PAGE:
7 dermatologists' tips for healing dry, chapped lips
How to prevent and treat dry, chapped lips
Cold, dry weather, sun damage, and frequently licking your lips are just some of the reasons your lips might feel dry and chapped. To prevent and treat dry, chapped lips at home, follow these tips from board-certified dermatologists.
While it may seem that dry, cracked lips are something you must live with until spring comes, you can have soft, supple lips year-round. Here’s what dermatologists recommend.
Use non-irritating lip balm, lipstick, and other products that you apply to your lips. Many people mistake discomfort, such as burning, stinging, or tingling, as a sign that the active ingredients in a product are working. That’s not what’s happening. You’re actually irritating your lips, so you want to stop using any product that irritates your lips.
Ingredients to avoid while your lips are chapped: To help chapped lips heal, stop applying lip products that contain any of the following:
- Hemp seed oil
- Mineral oil
- Shea butter
- Sun-protective ingredients, such as titanium oxide or zinc oxide
- White petroleum jelly
Apply a non-irritating lip balm (or lip moisturizer) several times a day and before bed. If your lips are very dry and cracked, try a thick ointment, such as white petroleum jelly. Ointment seals in water longer than waxes or oils.
Slather on a non-irritating lip balm with SPF 30 or higher before going outdoors. Even in the winter, it’s important to protect your lips from the sun. The sun can burn dry, chapped lips more easily, which could trigger cold sores.
To protect dry, chapped lips from the sun, use lip balm that contains offers SPF 30 or higher and one (or both) of these sun-protective ingredients:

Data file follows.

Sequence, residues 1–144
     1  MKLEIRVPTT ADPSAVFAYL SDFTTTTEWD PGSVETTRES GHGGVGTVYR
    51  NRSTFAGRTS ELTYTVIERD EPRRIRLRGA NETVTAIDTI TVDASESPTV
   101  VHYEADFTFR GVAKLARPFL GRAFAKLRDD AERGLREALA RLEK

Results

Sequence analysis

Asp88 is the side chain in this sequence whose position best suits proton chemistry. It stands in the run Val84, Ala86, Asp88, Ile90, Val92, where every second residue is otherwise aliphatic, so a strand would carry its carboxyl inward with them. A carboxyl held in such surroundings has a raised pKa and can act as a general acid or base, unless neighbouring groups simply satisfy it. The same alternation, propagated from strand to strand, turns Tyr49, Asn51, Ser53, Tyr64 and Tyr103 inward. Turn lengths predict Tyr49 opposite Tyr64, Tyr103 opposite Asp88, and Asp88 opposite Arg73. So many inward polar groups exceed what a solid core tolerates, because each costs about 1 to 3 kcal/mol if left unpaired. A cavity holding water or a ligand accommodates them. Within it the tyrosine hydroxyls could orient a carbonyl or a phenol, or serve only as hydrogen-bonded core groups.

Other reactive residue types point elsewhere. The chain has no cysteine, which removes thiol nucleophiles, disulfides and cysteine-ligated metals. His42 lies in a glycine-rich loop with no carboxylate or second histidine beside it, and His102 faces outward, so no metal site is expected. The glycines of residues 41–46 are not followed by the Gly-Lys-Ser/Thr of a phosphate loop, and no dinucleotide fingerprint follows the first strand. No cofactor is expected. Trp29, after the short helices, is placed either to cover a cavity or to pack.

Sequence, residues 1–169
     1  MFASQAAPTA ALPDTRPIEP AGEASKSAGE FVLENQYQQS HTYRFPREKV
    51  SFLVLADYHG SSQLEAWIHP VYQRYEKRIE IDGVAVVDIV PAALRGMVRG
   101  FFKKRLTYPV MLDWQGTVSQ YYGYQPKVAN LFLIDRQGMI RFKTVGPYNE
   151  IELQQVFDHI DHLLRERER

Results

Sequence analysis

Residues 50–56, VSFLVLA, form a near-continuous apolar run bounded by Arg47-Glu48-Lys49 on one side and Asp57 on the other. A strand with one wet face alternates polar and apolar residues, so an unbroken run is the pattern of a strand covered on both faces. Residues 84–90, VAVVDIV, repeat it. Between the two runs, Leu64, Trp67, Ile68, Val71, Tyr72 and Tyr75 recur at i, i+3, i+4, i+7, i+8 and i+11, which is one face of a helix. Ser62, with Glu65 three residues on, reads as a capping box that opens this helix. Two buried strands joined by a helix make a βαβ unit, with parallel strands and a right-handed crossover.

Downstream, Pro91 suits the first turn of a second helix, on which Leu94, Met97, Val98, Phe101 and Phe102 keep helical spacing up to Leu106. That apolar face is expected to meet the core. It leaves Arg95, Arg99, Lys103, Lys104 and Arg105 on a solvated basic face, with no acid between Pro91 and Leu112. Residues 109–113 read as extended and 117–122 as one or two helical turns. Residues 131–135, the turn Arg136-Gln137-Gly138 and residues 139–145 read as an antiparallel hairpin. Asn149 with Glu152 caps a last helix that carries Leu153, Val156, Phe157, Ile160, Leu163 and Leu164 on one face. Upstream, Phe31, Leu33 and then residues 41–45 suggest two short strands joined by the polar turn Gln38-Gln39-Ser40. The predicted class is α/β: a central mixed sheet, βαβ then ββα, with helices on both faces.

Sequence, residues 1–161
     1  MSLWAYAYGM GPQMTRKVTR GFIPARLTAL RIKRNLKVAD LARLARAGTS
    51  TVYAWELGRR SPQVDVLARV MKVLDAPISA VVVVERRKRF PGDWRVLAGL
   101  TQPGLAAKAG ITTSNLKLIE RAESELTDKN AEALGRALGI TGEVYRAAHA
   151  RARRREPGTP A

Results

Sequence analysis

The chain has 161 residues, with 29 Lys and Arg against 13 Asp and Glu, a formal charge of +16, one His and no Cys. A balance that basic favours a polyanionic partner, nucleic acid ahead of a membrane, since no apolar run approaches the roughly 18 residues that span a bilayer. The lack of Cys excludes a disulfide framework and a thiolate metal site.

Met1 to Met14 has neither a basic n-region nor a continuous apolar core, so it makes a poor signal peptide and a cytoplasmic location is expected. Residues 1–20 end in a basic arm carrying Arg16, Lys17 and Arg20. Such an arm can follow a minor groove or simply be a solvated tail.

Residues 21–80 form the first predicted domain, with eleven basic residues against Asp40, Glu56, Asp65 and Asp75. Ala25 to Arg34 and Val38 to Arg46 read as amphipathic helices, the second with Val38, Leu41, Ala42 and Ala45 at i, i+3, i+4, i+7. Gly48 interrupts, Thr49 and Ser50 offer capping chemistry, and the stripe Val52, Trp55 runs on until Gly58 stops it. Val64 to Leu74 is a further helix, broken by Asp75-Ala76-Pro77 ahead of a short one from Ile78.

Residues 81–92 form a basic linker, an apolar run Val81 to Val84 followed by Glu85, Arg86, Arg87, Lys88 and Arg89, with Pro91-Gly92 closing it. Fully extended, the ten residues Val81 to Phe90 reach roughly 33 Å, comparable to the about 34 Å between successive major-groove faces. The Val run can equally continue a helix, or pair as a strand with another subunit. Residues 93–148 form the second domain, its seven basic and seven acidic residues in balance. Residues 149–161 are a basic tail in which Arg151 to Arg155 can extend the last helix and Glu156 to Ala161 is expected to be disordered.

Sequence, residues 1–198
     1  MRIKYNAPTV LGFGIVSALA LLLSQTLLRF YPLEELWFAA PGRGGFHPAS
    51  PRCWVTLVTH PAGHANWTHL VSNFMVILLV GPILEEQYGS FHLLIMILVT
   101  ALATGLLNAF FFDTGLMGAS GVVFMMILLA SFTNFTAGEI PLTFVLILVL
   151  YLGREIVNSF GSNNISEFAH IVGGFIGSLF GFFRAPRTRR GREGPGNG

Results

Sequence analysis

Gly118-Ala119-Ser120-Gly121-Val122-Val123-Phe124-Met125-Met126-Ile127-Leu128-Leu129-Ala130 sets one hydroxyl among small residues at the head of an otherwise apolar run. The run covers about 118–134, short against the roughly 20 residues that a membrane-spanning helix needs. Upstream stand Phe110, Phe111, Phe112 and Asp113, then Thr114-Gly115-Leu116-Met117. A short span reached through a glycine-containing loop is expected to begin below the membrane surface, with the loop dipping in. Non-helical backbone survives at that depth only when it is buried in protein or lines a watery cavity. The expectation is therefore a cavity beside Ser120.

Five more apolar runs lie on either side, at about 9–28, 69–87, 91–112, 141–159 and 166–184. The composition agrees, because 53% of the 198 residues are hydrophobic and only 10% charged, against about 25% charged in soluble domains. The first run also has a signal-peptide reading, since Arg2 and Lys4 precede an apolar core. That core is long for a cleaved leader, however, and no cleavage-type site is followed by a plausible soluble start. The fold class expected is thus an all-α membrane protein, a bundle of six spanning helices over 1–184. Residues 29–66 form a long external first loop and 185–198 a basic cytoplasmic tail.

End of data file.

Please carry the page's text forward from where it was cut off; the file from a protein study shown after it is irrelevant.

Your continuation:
Drink plenty of water. Chapped lips are dry lips, so you want to stay hydrated.
Stop licking, biting, and picking at your lips. When lips feel dry, it may feel natural to wet them by licking them, but this can worsen the problem. As saliva evaporates, your lips become drier.
Picking or biting your lips also irritates them, which can prevent healing.
Lip licking can be a hard habit to break. When you catch yourself licking your lips, try applying a non-irritating lip balm instead.
Avoid holding items made of metal with your lips. Paperclips, jewelry, and other everyday products made of metal can irritate your already sensitive lips.
Plug in a humidifier at home. A humidifier in your bedroom can be especially helpful, especially if you breathe through your mouth at night.
Flavoring: Cinnamon, citrus, mint, and peppermint flavors can be especially irritating to dry, chapped lips
Octinoxate or oxybenzone
Phenol (or phenyl)
Ingredients that can help heal chapped lips: While some ingredients can irritate dry, cracked lips, others can help them heal. When looking for products to use on your chapped lips, dermatologists recommend ones that contain one or more of the following:
Castor seed oil
It also helps to use products that are fragrance free and hypoallergenic.
If your lips burn, sting, or feel uncomfortable when you apply a product to your lips, it means you’re irritating your lips, so you want to stop using that product.
While outdoors, apply the lip balm every 2 hours.
By following these dermatologists’ tips for chapped lips, you should have noticeable improvement in 2 to 3 weeks. To prevent your lips from chapping again, continue applying lip balm whenever it’s dry indoors or outside.
When to see a dermatologist?
Most of the time, the above self-care can heal dry, chapped lips in 2 to 3 weeks. If it doesn’t, see a board-certified dermatologist.
Your chapped lips could be caused by something aside from dry weather. An allergic reaction, yeast infection, or something more serious can make your lips feel dry and uncomfortable. Actinic cheilitis is a precancerous condition that turns one or both lips dry and scaly. A board-certified dermatologist can diagnose the cause.
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